"We acknowledge the economic role immigrants play as workers and taxpayers, both today and in our history," Beattie said. "Utah's immigration policies must reaffirm our global reputation as a welcoming and business-friendly state."
Sandstrom said he has been hamstrung by the single-subject rule of writing bills and that is why his is enforcement only. He said he is currently working on another bill that addresses the economics of illegal immigration.
• To see the text of the LDS Church statement, go to http://bit.ly/deTQ3b The Utah Compact
This statement of principles contains five points:
• Immigration is a federal not state policy issue
• Limited police resources should be focused on crime, not civil violations
• Policies that unnecessarily separate families should be opposed
• Utah policies should reaffirm the state as a welcoming, business-friendly place
• Utah should adopt a humane approach Compact signers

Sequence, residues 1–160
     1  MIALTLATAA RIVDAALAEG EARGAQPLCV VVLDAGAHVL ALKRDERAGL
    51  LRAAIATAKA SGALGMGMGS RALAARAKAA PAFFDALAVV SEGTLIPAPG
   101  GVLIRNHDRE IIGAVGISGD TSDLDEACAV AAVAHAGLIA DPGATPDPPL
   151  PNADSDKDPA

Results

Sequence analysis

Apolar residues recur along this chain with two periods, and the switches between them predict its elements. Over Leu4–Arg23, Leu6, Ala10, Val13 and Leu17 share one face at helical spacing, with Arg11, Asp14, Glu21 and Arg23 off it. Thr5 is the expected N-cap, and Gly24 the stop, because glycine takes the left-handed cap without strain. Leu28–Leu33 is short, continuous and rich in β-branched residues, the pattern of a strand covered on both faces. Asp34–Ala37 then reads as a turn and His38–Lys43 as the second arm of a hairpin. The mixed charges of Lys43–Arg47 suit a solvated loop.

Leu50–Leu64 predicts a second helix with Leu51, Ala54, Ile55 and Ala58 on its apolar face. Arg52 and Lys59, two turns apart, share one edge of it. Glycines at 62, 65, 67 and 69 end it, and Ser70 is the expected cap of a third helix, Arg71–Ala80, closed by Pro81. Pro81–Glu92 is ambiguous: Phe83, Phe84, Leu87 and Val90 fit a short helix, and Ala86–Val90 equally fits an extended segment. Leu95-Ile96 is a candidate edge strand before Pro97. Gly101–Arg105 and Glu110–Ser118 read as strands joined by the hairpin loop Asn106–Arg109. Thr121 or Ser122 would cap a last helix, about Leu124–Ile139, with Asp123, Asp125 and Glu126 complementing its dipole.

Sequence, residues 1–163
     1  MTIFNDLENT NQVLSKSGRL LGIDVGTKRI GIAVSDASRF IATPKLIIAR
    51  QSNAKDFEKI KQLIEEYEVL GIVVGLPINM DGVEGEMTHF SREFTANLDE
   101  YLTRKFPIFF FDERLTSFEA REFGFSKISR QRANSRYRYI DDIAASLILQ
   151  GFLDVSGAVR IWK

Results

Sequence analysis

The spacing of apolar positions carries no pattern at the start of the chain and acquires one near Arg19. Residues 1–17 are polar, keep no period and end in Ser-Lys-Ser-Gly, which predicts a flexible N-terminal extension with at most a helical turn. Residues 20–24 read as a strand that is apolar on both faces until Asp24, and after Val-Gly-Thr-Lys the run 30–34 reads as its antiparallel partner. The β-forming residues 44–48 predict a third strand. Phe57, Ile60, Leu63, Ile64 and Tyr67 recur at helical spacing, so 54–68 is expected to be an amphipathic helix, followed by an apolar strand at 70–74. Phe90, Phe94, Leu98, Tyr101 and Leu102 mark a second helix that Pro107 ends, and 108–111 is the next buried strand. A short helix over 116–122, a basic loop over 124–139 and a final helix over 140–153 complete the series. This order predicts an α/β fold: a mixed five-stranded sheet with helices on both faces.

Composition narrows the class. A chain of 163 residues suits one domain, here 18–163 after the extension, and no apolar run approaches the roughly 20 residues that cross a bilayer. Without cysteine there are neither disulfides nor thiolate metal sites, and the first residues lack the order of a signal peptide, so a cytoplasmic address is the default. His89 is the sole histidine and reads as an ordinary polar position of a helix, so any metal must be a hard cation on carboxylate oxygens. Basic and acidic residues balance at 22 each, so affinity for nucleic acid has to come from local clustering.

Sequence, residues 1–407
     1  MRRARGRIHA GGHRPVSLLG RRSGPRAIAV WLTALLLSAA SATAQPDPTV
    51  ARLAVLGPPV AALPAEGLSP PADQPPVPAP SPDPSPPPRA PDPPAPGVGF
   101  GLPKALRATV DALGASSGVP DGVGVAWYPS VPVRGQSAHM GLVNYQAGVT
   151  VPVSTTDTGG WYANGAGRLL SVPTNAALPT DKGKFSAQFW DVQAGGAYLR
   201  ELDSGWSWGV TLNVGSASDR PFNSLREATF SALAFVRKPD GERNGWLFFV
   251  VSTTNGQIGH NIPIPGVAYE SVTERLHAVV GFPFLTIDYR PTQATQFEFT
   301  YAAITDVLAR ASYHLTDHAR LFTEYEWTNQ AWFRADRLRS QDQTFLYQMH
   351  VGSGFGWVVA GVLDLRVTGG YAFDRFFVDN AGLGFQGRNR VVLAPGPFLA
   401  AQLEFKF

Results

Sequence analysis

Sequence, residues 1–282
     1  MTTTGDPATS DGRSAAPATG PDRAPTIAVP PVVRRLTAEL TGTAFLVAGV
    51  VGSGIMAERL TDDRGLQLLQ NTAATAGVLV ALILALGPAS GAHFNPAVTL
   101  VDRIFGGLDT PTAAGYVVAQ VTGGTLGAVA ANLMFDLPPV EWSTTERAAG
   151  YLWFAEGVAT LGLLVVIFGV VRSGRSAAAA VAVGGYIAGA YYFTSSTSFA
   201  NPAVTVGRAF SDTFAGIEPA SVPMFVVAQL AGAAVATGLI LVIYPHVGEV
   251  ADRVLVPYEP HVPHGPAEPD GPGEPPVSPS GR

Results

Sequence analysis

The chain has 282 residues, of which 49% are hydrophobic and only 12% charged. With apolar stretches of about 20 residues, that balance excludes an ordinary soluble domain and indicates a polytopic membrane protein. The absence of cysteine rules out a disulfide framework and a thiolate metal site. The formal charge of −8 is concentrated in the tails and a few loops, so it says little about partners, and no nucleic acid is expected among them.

A sampling of the list supporters:
Bishop John C. Wester, of the Salt Lake City Catholic Diocese
Former Gov. Norm Bangerter
Former Gov. Olene Walker
Utah Attorney General Mark Shurtleff
Pamela Atkinson, community activist
Salt Lake Chamber of Commerce President Lane Beattie
Salt Lake County Mayor Peter Corroon
Salt Lake City Mayor Ralph Becker
Former U.S. Sen. Jake Garn
Rep. Sheryl Allen
Deseret Management CEO Mark Willes
Medianews CEO Dean Singleton
Michael Clara, Republican Hispanic Assembly president
Episcopal Bishop Scott Hayashi
Former Congressman Jim Hansen
Salt Lake County Council Chairman Joe Hatch
Salt Lake City Councilman J.T. Martin
State Sen. Pat Jones
Paul Mero, Sutherland Institute president
Ogden Mayor Matthew Godfrey
Questar CEO Ron Jibson
Ivory Homes CEO Clark Ivory
Jill Taylor, president of KeyBank's Utah district